JRS: When you say that “this type of music for me is complicated and intense on so many levels and layers that it almost produces a quiet for me”, this makes alot of sense. Talking about music is just not something I’m very good at, though I hugely appreciate when others can. I can spend hours reading the reviews that Keith Fullerton Whitman writes tirelessly for his online store, MMS. My friend Chris Weisman is very eloquent, and my friend Devin too, who rarely listens to music at all anymore. That said, I have a very strong relationship to sound. Most of the time when I’m working in my studio, I wear earplugs to drown out all noise. this is mostly because I have too strong of a sensitivity to sound (I have to wear them when I sleep, too). Sometimes at night when things are quieter, or early in the morning, I’ll have music playing. I work at the record store directly below my studio, in the same building. But the two rarely cross paths, the music ‘upstairs’ and the music ‘downstairs’. What’s playing with me in my studio is very personal, very private.
I’d really like to hear what someone comes up with if they were to play a painting of mine like sheet music. Maybe it could be an orchestra.
KLJ: I love how you wanted to “nurture” the plants and began to create this bond between you and them. I think plants are magical and amazing that contain healing powers for both mind and body. This makes me think about you mentioning the meditative properties you began to feel from taking care of them. When I am working on art, I have two approaches, 1. being the “idea based” approach and 2. being more initiatively based which often revolves around some sort of process that has a meditative element. So would you say your art practice stems mainly from a meditative/ intuitive approach? Can you elaborate on this? Maybe speak on other ways you approach work?
JRS: I think all art is intuitive and meditative to some degree. My process differs with mediums. With paintings I tend to map things out a bit. But not much thought goes into it actually. Little ideas pop up all the time, for ‘objects’ that will go into a piece. Like last night, I was in the check out line at the supermarket and I decided that a buffalo-print wallpaper would look nice in the painting I’m working on. I was wearing my buffalo tshirt last night too.
Lately I’ve been really excited about working with collage. It can be so freeing. Just cutting and gluing. And sometimes it feels like I’m arranging pieces that have been cut by someone else, so there’s an odd mystery to it. It’s like you’re creating a big puzzle, working backwards. That’s been the most meditative way of working lately, for me. I’m pretty uptight when I paint, very focused. But with collage, I can just cut and glue.
KLJ: How much does memory and the past influence your making?
JRS: My sense of the past (my past) is almost non existent. I have an awful memory. I’m pretty sure this is a good thing (for me anyway) because I feel free to make my work without obstacles. Sister Corita Kent said ‘the only rule is work’. There is no win and there is no fail. I think if my sense of the past was acute, or strong, I’d feel limited, or at least hesitant. Maybe not, maybe I’d have a better understanding of where I’m coming from and where I’m going. But I don’t want to. I want to be surprised. It’s like lucid dreaming. I hope I never ‘wake up’ in my dream. It would take all the mystery out of it.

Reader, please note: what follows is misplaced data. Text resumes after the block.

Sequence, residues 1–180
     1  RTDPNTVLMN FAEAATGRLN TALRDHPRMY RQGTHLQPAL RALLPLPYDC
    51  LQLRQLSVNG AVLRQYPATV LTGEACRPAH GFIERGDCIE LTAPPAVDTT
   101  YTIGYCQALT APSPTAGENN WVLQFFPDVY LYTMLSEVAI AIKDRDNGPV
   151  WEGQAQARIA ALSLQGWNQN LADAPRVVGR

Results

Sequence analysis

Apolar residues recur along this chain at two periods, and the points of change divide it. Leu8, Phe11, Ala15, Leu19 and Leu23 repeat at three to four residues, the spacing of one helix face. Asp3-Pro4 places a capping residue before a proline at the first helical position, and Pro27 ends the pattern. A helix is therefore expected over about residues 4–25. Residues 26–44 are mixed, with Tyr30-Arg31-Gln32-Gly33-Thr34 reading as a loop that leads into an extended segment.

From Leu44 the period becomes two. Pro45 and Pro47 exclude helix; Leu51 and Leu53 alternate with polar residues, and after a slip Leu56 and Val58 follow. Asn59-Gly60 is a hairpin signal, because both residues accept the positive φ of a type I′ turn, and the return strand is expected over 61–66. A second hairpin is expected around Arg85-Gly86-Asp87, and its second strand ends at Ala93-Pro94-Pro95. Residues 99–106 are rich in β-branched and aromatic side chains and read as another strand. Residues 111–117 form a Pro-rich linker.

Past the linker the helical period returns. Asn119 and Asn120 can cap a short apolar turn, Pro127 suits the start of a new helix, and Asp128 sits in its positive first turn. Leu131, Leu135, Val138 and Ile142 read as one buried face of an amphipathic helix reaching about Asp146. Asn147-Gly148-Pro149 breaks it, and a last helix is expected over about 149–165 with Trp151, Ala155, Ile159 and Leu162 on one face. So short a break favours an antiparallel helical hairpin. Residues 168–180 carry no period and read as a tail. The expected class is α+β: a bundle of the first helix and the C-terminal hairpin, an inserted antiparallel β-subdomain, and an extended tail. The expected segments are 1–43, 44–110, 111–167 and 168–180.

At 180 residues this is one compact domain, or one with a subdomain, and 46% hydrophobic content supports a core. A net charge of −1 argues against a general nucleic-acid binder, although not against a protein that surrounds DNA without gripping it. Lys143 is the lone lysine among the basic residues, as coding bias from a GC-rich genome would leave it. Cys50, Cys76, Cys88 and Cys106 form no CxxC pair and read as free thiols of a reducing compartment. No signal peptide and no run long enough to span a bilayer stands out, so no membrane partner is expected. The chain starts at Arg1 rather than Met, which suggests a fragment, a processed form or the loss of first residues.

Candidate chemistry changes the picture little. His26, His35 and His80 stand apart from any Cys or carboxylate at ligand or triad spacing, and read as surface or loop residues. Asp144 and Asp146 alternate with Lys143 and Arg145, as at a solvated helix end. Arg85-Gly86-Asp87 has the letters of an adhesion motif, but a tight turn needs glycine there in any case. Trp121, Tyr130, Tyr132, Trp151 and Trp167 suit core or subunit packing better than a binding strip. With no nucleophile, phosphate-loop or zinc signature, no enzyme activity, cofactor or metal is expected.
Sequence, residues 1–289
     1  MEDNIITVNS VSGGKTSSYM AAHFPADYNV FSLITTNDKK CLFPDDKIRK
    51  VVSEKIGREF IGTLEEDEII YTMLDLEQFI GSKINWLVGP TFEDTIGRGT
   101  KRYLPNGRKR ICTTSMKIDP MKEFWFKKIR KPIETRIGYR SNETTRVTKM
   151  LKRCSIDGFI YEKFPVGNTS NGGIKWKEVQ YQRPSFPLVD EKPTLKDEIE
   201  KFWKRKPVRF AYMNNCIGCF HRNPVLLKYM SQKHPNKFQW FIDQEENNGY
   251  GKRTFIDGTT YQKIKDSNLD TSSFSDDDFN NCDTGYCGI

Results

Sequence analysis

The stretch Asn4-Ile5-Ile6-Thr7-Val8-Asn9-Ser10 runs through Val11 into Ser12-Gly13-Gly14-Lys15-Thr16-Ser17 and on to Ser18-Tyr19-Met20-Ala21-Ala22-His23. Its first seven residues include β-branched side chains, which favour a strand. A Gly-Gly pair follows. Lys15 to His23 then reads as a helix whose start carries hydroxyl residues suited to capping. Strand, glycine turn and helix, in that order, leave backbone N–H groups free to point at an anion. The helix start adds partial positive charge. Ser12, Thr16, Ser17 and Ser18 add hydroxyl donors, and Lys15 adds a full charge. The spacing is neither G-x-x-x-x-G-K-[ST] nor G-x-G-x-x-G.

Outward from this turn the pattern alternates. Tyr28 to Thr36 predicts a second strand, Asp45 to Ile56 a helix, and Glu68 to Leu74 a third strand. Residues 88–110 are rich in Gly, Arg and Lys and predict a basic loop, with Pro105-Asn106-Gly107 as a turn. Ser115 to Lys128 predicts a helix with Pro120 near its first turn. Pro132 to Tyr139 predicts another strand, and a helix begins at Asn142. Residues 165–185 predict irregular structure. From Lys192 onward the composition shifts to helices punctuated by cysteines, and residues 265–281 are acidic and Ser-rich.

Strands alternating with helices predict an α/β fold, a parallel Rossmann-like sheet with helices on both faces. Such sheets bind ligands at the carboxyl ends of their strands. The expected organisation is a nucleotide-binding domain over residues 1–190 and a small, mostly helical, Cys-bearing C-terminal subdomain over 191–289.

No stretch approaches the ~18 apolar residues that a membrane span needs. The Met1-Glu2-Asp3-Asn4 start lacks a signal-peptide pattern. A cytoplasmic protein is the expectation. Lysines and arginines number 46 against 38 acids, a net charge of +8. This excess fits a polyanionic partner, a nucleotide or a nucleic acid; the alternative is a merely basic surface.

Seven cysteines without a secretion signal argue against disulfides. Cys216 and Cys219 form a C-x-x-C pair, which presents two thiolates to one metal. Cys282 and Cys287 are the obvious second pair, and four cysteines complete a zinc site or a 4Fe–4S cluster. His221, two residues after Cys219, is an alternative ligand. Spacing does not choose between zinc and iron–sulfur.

In my art, I like to set things in motion and see where they go. Then at the end, it’s always a surprise. And I like being able to surprise myself.
KLJ: Wow, I wondered if you had a good memory! For me, your work is a catalog of things both real and imagined. I read them a s artifacts from your experiences to just objects in your house. They are cryptic and understandable all at once, creating these wonderful collections of things most of us can relate to in some way, which I feel is a huge strength in them. There is also a nostalgia looming since they almost feel as though they are things that need to be recorded so they will not be forgotten. Do you agree or disagree with my read on your work? How do you see your pieces? Do you sit with each piece after you finish it, and reflect on what you have done? Do you ask questions of it and dissect it or do you accept what is on the paper as part of the surprise within your subconscious?
JRS: When I made this ‘apothecary’ piece for my friend Zach’s book of poetry, I learned how fun and obvious it was for me to just sort of lay out these objects that I constantly daydream about. You’re right, some are imagined and some are trinkets that are dusty and on my bookshelf at home, like a plastic army man or a pineapple paperweight. The sketchbook which I try to keep is filled with these. Maybe my work is a catalog of these things, real and imagined. That’s a nice way of thinking about it.
I sometimes treat a painting, in particular, as though there’s a rough draft and a final draft. So when it feels done the first time, it’ll sit for a while, until I remember that a tiny apple was meant to go in the corner. And then it’s done.
I almost never ask questions of it. I’d be embarrassed to learn the answer. I try to see them for what they really are, to see what i can learn from it, what to take with me when i move on.
KLJ: Describe one of your dreams. Include colors, objects and sounds.
JRS:I keep a book next to my bed where I write down all the dreams I can remember, as soon as I wake up.
Here’s one from 4/6/10
“I show up late to the bowling alley, and the man who I’m supposed to be taking lessons from tells me to grab a ball. I look for a size 8, but the finger holes are too small, so I opt for a tied up piece of leather string. Jokingly, I bowl down lane 8, but it hops the gutter and winds up in lane 10. The instructor reaches into the ball dispenser which is filled with rushing water, and plucks out the string, unraveled. just then, Burt Jansch shows up and hands out lyric sheets he’s just written. The aim here, is to write songs with these lyrics. He’s an imposing man, there in the corner. I start to hum.”
KLJ: Lastly what do you see out of your window.
JRS: Outside my window are my cats, Esmerelda and Cleo, asleep in the sun, in Vermont.
Thanks so much for being our featured artist, your work is fantastic!
To see more of his work, www.jonathanryanstorm.com